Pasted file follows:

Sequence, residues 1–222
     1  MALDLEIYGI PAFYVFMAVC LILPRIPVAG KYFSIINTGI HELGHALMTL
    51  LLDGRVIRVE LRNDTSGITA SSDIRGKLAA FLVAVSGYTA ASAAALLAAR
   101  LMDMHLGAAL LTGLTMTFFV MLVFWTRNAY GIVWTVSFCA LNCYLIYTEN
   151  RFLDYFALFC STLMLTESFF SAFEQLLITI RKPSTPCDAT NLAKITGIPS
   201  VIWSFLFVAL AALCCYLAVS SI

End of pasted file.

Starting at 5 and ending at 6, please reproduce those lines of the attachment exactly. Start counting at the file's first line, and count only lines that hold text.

   151  RFLDYFALFC STLMLTESFF SAFEQLLITI RKPSTPCDAT NLAKITGIPS
   201  VIWSFLFVAL AALCCYLAVS SI